Troubleshooting File and Printer Sharing – Detailed Steps

Before you go any further in learning how to troubleshoot File and Printer Sharing on a Windows network, be sure that you’ve done the preliminary troubleshooting steps and the TCP/IP troubleshooting steps and confirmed that the computers can communicate using TCP/IP.

See our articles on Simple File Sharing and Windows XP Professional File Sharing for for help with problems involving file permissions and access rights.

Use the Same Workgroup Name on All Computers

This isn’t strictly necessary, since Windows networking supports multiple workgroups on a network, but it makes troubleshooting and browsing the network easier.

By default, Windows XP uses the workgroup name MSHOME. You can use a different name if you want.  For best results on all versions of Windows, use 1-8 characters (upper case letters, numbers), with no blanks.

To specify the workgroup name in Windows XP, right click My Computer and go to Properties Computer Name | Change.  In Windows 95/98/Me, go to Control Panel | Network | Identification.

Check the Network Components

These network components must be enabled on each computer:

  • File and Printer Sharing for Microsoft Networks (FPS) – makes a computer’s resources available to other computers on the network.
  • Client for Microsoft Networks (CMN) – lets a computer access resources belonging to other computers on the network.

In Windows XP, open the Network Connections folder, right click your local area network connection, click Properties, put check marks in the boxes for FPS and CMN, and click OK to close the window.  Then, click Advanced | Advanced Settings, click your local area network connection under Connections, look under Bindings, and make sure that the Internet Protocol (TCP/IP) box has a check mark for FPS and CMN.  If any other protocols appear in the list of bindings, you must un-check the boxes for those protocols.  Using more than one protocol on even one computer makes Windows networking unreliable.


In Windows 95/98/Me, go to Control Panel | Network, double click the TCP/IP‑>Adapter entry for your local area network, and click Bindings.  Put check marks in the boxes for FPS and CMN.  If you’ve installed any other protocols, you must go to the Bindings tab of their Protocol‑>Adapter entries and un-check the same boxes. Using more than one protocol on even one computer makes Windows networking unreliable.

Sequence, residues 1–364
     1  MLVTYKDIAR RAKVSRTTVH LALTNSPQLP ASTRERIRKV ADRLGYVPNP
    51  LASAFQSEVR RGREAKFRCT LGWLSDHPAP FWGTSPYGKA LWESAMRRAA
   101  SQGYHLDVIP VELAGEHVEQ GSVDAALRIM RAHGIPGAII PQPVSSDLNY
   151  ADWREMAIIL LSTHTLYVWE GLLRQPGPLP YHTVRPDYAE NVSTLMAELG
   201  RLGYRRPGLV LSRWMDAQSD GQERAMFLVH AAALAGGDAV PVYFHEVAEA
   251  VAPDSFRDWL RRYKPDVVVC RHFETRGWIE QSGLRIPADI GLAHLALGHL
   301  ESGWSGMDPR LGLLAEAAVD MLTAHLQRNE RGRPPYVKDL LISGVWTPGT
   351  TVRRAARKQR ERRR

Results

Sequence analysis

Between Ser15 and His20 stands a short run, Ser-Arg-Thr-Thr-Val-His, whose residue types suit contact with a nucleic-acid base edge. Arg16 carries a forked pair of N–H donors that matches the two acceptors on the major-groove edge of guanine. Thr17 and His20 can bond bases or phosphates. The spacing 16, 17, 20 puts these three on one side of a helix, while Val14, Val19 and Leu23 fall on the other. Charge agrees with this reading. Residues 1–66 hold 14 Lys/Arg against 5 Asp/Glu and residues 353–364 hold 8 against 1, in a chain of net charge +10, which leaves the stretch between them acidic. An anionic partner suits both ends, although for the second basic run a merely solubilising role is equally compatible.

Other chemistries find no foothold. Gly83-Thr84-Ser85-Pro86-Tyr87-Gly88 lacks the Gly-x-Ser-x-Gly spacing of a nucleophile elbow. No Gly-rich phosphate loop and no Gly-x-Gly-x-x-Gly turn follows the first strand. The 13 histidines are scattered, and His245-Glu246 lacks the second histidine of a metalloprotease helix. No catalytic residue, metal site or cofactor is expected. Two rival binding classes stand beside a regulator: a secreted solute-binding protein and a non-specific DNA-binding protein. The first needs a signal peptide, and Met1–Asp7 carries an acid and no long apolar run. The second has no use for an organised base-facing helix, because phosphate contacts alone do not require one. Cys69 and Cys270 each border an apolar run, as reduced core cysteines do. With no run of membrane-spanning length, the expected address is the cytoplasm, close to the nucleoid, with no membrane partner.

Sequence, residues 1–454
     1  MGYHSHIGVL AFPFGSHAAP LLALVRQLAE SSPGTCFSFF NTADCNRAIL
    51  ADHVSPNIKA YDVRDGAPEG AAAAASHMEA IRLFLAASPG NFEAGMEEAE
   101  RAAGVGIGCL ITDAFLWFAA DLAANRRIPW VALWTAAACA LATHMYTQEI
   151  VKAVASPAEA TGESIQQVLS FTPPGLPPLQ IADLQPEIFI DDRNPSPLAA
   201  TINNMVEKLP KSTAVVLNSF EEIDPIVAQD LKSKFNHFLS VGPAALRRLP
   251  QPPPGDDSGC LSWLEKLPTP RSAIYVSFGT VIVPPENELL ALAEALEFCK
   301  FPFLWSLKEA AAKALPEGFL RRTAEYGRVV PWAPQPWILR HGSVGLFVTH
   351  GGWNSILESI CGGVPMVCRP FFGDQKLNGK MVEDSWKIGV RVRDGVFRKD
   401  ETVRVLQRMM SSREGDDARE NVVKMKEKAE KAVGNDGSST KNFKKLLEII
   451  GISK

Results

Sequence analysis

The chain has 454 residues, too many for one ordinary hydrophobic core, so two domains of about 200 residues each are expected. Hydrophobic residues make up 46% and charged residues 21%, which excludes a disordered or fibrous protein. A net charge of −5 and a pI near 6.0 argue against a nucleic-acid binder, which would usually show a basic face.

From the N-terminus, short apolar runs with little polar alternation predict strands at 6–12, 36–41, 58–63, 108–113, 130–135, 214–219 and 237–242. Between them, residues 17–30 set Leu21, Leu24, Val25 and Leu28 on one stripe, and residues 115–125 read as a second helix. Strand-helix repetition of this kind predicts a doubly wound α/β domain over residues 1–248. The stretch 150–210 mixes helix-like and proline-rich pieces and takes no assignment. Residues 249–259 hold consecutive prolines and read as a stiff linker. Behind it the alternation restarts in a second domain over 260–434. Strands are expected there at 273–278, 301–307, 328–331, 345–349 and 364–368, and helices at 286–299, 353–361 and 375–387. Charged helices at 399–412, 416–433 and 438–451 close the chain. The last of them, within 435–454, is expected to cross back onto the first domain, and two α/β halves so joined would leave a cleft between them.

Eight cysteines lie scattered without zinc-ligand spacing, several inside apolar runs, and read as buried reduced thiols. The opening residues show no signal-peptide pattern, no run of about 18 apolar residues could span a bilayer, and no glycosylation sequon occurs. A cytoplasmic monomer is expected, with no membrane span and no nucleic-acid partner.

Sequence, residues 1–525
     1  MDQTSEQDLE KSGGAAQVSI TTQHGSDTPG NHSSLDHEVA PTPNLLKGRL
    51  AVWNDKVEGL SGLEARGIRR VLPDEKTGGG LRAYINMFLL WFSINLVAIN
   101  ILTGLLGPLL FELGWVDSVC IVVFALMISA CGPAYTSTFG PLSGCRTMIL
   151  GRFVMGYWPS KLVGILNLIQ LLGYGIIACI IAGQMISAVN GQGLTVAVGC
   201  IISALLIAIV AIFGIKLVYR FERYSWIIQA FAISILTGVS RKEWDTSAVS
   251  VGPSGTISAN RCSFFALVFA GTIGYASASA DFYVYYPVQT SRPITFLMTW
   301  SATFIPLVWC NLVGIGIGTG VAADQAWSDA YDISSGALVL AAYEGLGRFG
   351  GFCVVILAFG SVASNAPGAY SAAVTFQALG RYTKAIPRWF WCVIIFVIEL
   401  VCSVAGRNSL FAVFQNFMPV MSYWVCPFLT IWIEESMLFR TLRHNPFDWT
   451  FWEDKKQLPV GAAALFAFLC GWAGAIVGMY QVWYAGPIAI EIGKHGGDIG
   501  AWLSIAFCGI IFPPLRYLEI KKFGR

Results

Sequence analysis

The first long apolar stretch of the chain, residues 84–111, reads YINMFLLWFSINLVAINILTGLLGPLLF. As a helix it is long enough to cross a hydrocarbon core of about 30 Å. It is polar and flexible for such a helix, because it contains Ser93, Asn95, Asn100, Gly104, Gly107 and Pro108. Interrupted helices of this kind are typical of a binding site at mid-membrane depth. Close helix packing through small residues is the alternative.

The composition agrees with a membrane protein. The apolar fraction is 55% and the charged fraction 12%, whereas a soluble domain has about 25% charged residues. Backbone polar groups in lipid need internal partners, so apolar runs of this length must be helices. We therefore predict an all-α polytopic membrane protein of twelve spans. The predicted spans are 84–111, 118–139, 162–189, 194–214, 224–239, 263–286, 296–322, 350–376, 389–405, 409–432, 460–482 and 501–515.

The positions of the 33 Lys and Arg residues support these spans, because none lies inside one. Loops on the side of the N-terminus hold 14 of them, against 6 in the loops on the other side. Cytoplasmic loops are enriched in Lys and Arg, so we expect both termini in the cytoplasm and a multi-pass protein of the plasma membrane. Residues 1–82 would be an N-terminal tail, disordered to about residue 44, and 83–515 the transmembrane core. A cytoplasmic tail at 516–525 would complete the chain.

Network Neighborhood and My Network Places

In Windows 95 and 98, Network Neighborhood shows an icon for each computer on the network that has FPS enabled.  Double clicking the icon shows that computer’s shared resources: disks, folders, and printers.  It’s possible that a computer has FPS enabled but has no shared resources.  If so, the window that opens when you double click the computer name will be empty.

In Windows Me and XP, My Network Places contains shortcuts to some or all of the shared disks and folders on the network.  You can add shortcuts by clicking Add a network place, and you can delete shortcuts by right-clicking them and clicking Delete.  It’s quite possible that a shared resource doesn’t appear in My Network Places.  You might have deleted it, or Windows might not have noticed it yet.  Computer and workgroup names don’t appear unless you create a shortcut to them.

Sometimes, shortcuts in My Network Places seem to “go bad” for no apparent reason.  When you double click one that was working previously, you get an ominous looking error message.

Since you’re the administrator, you ask yourself whether you have access permissions, and you tell yourself that you do.  But Windows XP doesn’t listen to you, and it won’t let you access the shared disk or folder.

Delete the bad shortcuts, and let Windows re-create them.

Test Network Access to Computers and Shares

If access through Network Neighborhood or My Network Places isn’t working, try connecting directly to another computer or to one of its shared disks or folders.  Click Start Run, then type one of these commands in the box and click OK:





For example, if a computer named XPPro has IP address and has a shared folder named Download, the commands would be:





If access by computer name fails, but access by IP address works, there’s a problem with NetBIOS name resolution using NetBIOS Over TCP/IP.